Geraniums are hardy flowering plants that grow well both indoors and out. The flowers blossom in the late spring and they remain in steady bloom until the first frost of the year. If they are kept indoors, the flowers bloom indefinitely. Grow geraniums indoors on the windowsill to add some color and life to a room or grow them outdoors in clusters or as specimen plants.
Fully Grown Plants
If you have full-grown geranium plants that you were keeping inside, set them outdoors after the last frost date in the area. Temperatures that are too low result in flowers that are small and leaves with a red tinge to them. May is typically a safe time to plant full-grown geranium plants.
Take cuttings from full-grown plants by removing the terminal 3 to 4 inches from the stem, though shorter cuttings are possible as well. Strip off the lower leaves and stick them in sharp sand or perlite. From removing the cutting to the plant developing a root structure that allows it to survive in the ground, the process takes about four weeks. Start this process two weeks before the last frost date in the area and then plant the cuttings in the garden.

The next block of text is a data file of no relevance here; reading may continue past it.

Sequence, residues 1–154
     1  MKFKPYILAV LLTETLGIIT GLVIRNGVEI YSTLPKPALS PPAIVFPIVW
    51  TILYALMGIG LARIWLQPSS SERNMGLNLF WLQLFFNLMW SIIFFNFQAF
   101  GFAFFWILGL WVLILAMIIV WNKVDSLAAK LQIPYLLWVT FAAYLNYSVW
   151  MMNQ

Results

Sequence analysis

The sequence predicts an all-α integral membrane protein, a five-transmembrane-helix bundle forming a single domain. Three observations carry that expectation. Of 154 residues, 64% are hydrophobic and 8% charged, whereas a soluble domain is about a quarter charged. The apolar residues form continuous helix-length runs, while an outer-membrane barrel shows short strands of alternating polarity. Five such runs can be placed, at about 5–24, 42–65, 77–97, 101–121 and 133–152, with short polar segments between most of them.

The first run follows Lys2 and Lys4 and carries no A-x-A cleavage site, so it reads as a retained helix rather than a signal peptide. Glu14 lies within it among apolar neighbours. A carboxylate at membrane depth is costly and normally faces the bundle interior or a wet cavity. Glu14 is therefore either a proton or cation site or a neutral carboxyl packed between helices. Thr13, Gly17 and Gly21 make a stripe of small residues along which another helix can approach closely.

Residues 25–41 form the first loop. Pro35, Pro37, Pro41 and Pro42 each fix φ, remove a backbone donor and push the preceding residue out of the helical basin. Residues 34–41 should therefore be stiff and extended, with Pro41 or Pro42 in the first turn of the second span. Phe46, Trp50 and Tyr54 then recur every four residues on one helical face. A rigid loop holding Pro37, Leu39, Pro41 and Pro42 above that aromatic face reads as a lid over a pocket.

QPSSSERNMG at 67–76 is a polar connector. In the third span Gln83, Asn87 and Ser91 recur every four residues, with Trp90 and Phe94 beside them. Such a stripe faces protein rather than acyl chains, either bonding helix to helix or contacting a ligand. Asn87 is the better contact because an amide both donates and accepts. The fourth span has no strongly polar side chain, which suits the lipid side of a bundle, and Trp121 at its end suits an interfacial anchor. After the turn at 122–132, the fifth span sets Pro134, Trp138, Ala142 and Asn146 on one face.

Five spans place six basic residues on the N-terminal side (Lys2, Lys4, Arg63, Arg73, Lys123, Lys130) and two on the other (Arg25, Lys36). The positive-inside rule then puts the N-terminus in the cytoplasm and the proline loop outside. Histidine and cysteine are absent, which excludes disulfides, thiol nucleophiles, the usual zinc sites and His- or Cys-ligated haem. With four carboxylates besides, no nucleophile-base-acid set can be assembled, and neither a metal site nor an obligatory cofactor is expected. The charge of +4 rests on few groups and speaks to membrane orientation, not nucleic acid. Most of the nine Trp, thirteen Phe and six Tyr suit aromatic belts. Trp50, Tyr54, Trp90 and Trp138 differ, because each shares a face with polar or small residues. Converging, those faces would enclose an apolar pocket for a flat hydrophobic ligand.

Geraniums are hardy growers that grow as well from seeds as they do from cuttings. The only issue with growing geraniums from seed is that there is an extended period of time between sowing and germination. To sow geranium seed in your garden, sow the seed in the worked garden bed in mid to late January. It takes between three and four months for the plants to begin sprouting and flowering after they have been sown.
Geraniums may be started indoors at any time as long as they have enough light. Geraniums need full sunlight in order to thrive. If you are starting your geraniums in the winter, when the days are short, supplement their light with a fluorescent tube light mounted about 1 foot away from the plant. Use clay or plastic pots with drainage holes and dump out the excess water a few minutes after watering.